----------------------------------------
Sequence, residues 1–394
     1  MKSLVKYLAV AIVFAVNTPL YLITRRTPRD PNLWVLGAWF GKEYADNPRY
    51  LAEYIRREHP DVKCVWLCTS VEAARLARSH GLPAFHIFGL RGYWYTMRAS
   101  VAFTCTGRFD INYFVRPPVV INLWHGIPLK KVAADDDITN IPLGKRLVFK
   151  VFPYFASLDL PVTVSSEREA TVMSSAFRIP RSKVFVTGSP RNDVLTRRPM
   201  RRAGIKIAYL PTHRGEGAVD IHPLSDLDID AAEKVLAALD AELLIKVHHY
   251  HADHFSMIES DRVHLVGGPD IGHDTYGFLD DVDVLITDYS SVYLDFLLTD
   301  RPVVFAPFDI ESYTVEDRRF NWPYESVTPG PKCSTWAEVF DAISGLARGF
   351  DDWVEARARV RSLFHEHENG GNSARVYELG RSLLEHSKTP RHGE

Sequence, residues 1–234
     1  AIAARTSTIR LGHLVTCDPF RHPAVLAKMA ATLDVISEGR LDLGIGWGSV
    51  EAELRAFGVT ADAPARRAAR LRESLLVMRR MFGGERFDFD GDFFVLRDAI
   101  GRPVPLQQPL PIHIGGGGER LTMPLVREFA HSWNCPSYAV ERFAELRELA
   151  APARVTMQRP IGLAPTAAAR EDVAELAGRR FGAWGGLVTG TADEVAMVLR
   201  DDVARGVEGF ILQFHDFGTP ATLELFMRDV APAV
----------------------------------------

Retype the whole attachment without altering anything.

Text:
Sequence, residues 1–394
     1  MKSLVKYLAV AIVFAVNTPL YLITRRTPRD PNLWVLGAWF GKEYADNPRY
    51  LAEYIRREHP DVKCVWLCTS VEAARLARSH GLPAFHIFGL RGYWYTMRAS
   101  VAFTCTGRFD INYFVRPPVV INLWHGIPLK KVAADDDITN IPLGKRLVFK
   151  VFPYFASLDL PVTVSSEREA TVMSSAFRIP RSKVFVTGSP RNDVLTRRPM
   201  RRAGIKIAYL PTHRGEGAVD IHPLSDLDID AAEKVLAALD AELLIKVHHY
   251  HADHFSMIES DRVHLVGGPD IGHDTYGFLD DVDVLITDYS SVYLDFLLTD
   301  RPVVFAPFDI ESYTVEDRRF NWPYESVTPG PKCSTWAEVF DAISGLARGF
   351  DDWVEARARV RSLFHEHENG GNSARVYELG RSLLEHSKTP RHGE

Sequence, residues 1–234
     1  AIAARTSTIR LGHLVTCDPF RHPAVLAKMA ATLDVISEGR LDLGIGWGSV
    51  EAELRAFGVT ADAPARRAAR LRESLLVMRR MFGGERFDFD GDFFVLRDAI
   101  GRPVPLQQPL PIHIGGGGER LTMPLVREFA HSWNCPSYAV ERFAELRELA
   151  APARVTMQRP IGLAPTAAAR EDVAELAGRR FGAWGGLVTG TADEVAMVLR
   201  DDVARGVEGF ILQFHDFGTP ATLELFMRDV APAV